UN Climate Change ReportBy Cynthia Kirk
This is the VOA Special English ENVIRONMENT REPORT.
A new United Nations report says poor countries would suffer the most from the effects of the warming of the Earth. The report says shortages of food and water would affect some of the poorest parts of Africa, Asia and Latin America. These areas also would suffer an increase in diseases. The report says small island nations are most at risk. However, it warns that industrial countries would also be affected.
The Intergovernmental Panel on Climate Change released the report in Geneva, Switzerland. Government representatives from one-hundred countries approved the report.
The findings were based on research from hundreds of scientists around the world. They examined how global warming will affect different areas of the world.
The report confirmed the increasingly strong evidence of the effect of human activities on the world's climate. It says burning fossil fuels such as oil, gas and coal are mostly to blame.
These fuels release gases that trap heat in the atmosphere. An earlier report said global warming could cause the average temperature to increase almost six degrees Celsius during the next one-hundred years.
Experts say global warming may cause sea levels in heavily populated coastal areas to rise. The most widespread direct risk to people is from flooding and landslides. Experts say global warming may also cause an increase in diseases such as malaria. They also say many plants and animals may disappear as their environments are destroyed.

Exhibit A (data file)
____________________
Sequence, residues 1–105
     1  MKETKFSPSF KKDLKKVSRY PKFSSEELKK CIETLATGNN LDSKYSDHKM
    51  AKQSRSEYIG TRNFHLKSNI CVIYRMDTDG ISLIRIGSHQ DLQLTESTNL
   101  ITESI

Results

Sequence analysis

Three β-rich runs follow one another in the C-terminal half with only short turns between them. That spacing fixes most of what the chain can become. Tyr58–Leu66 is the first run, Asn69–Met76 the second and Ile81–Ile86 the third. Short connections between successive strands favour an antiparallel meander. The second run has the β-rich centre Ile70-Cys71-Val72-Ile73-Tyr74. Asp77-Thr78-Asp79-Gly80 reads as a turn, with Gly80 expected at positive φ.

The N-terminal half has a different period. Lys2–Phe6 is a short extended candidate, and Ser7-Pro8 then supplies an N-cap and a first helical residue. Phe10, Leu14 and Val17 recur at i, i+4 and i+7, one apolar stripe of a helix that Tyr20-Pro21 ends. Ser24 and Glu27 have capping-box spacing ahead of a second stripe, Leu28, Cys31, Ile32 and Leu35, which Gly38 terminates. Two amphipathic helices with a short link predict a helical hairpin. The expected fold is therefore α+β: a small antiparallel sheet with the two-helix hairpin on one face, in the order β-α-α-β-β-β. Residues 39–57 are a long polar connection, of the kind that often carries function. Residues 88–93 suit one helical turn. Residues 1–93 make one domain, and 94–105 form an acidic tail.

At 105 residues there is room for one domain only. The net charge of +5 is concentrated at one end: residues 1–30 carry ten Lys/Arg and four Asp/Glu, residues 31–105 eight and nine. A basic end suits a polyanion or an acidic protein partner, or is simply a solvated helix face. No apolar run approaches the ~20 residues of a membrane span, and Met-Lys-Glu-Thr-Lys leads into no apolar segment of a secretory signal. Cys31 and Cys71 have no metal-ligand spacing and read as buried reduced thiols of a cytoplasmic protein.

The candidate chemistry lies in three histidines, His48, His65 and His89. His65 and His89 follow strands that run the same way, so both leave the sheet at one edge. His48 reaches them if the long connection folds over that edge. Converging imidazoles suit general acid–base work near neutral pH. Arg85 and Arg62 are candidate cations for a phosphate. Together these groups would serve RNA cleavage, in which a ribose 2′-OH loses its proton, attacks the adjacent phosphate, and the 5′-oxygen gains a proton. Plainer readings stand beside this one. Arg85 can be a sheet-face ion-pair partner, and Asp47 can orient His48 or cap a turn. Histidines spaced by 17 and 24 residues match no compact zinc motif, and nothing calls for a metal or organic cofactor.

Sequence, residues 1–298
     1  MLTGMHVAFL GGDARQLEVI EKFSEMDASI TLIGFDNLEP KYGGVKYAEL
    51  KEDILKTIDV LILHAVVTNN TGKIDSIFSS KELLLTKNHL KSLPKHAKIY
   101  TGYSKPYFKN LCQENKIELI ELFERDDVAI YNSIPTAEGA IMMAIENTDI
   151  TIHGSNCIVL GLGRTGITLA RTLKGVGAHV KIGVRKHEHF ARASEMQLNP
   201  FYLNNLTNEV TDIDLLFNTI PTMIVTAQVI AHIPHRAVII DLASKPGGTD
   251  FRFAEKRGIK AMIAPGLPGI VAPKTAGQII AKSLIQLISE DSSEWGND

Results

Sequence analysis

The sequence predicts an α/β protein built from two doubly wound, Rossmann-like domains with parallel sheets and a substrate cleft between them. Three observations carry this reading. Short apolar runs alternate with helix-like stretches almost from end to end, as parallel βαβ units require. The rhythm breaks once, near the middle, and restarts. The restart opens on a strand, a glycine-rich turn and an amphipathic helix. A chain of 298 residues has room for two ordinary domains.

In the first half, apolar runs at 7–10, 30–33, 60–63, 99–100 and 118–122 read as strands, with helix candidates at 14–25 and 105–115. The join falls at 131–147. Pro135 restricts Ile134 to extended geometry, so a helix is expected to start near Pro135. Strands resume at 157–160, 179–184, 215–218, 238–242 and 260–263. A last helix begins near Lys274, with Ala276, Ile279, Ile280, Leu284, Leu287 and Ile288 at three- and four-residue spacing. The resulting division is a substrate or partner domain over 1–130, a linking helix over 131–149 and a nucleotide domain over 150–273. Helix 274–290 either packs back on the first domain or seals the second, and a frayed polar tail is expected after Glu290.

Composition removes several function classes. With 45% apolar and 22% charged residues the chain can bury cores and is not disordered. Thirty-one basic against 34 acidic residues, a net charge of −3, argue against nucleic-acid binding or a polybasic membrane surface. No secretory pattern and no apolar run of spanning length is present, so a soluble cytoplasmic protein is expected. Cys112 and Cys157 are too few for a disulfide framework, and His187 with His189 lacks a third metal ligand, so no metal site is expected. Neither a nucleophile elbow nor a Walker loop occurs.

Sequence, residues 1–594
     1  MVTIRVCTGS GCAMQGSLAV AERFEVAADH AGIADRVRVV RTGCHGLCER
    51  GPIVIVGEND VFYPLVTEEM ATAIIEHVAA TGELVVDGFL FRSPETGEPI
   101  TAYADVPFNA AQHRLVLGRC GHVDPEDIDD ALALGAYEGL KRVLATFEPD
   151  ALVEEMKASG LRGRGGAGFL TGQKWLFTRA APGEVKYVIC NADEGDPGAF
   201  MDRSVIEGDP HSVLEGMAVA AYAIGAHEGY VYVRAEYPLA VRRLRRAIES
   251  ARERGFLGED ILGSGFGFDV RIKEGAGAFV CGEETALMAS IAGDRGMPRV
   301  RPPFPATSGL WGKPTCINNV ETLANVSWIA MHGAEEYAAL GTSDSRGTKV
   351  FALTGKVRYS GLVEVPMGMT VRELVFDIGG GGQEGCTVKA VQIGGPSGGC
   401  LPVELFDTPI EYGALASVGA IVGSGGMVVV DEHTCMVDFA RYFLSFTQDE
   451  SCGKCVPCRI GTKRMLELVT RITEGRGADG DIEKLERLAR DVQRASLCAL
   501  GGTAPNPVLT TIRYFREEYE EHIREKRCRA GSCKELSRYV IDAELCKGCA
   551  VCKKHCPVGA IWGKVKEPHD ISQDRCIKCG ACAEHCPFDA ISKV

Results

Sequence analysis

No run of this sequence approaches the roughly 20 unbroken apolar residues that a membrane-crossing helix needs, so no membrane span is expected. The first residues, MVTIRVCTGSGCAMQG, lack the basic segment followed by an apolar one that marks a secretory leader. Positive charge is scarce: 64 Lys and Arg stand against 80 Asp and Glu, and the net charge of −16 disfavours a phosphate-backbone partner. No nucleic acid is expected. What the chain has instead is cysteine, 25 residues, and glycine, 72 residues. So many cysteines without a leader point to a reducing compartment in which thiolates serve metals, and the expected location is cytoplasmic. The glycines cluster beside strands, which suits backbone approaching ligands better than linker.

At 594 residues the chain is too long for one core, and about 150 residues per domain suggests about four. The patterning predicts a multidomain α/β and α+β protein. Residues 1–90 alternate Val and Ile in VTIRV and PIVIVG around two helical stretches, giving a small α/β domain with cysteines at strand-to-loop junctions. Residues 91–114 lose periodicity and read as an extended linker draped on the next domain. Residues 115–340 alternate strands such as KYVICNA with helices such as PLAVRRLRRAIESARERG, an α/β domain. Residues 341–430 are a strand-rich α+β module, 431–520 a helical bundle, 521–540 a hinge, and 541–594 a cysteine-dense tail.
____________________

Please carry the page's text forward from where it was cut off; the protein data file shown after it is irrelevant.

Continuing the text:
The report said poor countries are most at risk. However, it said rising sea levels in the United States may cause flooding and destruction of coastal areas. And it said melting ice caps in polar areas of the world may continue to change the climate for hundreds of years.
Scientists have warned for years about the effects of global warming. But government experts say the new report is the first to show areas of the world most at risk. Environmental groups called for government action. The latest study is one of three reports dealing with climate change. The reports are part of U-N talks aimed at putting an international climate change treaty into effect.
Some experts, however, reject the Geneva report. They say there is no real scientific way to tell the full extent of global warming.
This VOA Special English ENVIRONMENT REPORT was written by Cynthia Kirk.